I’ll Be Your Mirror: A Tribute To The Velvet Underground & Nico
It’s been a wee while since I’ve found a great Various Artists tribute album – one that doesn’t feel try-hard, one that doesn’t run out of steam.
So I was pleasantly surprise by this, feeling – on paper – it might do both of those things, or certainly either.
But no. The mood is sustained. The quality is high. And this won’t replace the need in your life to listen to the original – but it just might send you back there, with fresh ears, in the way that a good tribute should. It arrives, as with Todd Haynes’ extraordinary documentary as part of a small wave of VU appreciation/reappraisal. With both, I’ve felt that I didn’t need to know any more about this group – but wrong! Down the rabbit hole I go once again. And so gladly.
This version of The Velvet Underground & Nico kicks off with Michael Stipe caressing Sunday Morning. It’s calming, gentle and fun. It’s warm but baked in sadness, that’s Stipe of course. But it’s a lovely start.
From there the highlights tumble.
Sharon Van Etten taking Femme Fatale towards the Lana del Rey inevitability, but perhaps better placed to hold it back from being a showcase, or pantomime.
Andrew Bird is primed to give some John Cale-esque clout to the version of Venus in Furs, Kurt Vile absolutely nails Run Run Run, all perfect laconic drawl and gun-slinger guitar.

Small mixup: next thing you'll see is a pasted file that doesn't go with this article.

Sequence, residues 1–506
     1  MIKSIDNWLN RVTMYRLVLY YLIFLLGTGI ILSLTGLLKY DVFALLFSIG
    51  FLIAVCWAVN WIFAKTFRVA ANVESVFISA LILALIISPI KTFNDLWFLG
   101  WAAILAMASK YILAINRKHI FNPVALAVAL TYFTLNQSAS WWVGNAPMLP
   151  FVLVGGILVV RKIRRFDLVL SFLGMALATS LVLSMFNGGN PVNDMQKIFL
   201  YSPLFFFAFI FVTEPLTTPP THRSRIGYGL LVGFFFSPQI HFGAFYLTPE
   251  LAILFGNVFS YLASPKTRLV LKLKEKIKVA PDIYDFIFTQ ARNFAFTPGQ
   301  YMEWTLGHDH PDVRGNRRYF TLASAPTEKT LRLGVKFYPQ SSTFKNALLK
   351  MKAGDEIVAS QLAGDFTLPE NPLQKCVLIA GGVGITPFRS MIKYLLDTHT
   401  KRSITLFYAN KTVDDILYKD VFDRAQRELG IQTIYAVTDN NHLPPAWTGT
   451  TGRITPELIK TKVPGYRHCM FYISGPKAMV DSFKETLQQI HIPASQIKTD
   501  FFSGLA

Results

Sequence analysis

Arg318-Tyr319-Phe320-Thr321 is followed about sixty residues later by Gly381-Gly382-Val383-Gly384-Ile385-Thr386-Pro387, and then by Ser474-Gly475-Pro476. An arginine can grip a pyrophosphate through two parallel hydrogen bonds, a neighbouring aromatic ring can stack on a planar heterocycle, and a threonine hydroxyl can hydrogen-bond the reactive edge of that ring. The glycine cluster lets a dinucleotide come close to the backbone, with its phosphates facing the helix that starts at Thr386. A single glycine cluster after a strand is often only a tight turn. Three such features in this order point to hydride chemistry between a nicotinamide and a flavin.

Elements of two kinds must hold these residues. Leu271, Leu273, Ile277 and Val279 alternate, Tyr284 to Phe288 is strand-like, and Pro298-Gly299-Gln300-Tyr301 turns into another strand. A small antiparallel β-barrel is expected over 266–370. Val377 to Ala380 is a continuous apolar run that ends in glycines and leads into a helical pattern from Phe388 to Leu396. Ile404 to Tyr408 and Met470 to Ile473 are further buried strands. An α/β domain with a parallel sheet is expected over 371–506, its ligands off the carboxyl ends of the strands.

St. Vincent takes All Tomorrow’s Parties towards where Laurie Anderson might have imagined it – so it feels like a ‘double tribute’ almost.
Thurston Moore has probably been auditioning to do some version of Heroin his whole life, here he’s paired with Bobby Gillespie – who wrings the breathy drama from the lyric’s story.
Courtney Barnett straight-takes I’ll Be Your Mirror, but the power and conviction of her delivery, her stance, is such that you could almost imagine this as her song now. But of course her version is actually in service to the original. And that’s what you want from a tribute-album and its various covers – songs that nod and smile up at the original, but songs that bring flavour from the cover-artist.
We get that in spades here. And as with the Gillespie/Moore pairing for Heroin, we get Iggy Pop teamed with Matt Sweeney to try to celebrate the electric madness of European Son. They sure do it justice.
Surprised how much I dig this album and how often I’ve played it. Very cool.